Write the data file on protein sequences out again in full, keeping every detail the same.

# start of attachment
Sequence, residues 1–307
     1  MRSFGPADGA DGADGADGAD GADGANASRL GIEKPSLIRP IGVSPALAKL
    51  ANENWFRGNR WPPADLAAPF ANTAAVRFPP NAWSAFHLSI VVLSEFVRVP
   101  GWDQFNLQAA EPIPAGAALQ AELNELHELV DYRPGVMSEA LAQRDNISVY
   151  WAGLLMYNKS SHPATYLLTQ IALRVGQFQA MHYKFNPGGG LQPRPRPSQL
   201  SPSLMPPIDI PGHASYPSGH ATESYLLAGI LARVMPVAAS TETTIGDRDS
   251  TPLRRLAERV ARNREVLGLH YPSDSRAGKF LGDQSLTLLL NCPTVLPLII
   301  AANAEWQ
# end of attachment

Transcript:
Sequence, residues 1–307
     1  MRSFGPADGA DGADGADGAD GADGANASRL GIEKPSLIRP IGVSPALAKL
    51  ANENWFRGNR WPPADLAAPF ANTAAVRFPP NAWSAFHLSI VVLSEFVRVP
   101  GWDQFNLQAA EPIPAGAALQ AELNELHELV DYRPGVMSEA LAQRDNISVY
   151  WAGLLMYNKS SHPATYLLTQ IALRVGQFQA MHYKFNPGGG LQPRPRPSQL
   201  SPSLMPPIDI PGHASYPSGH ATESYLLAGI LARVMPVAAS TETTIGDRDS
   251  TPLRRLAERV ARNREVLGLH YPSDSRAGKF LGDQSLTLLL NCPTVLPLII
   301  AANAEWQ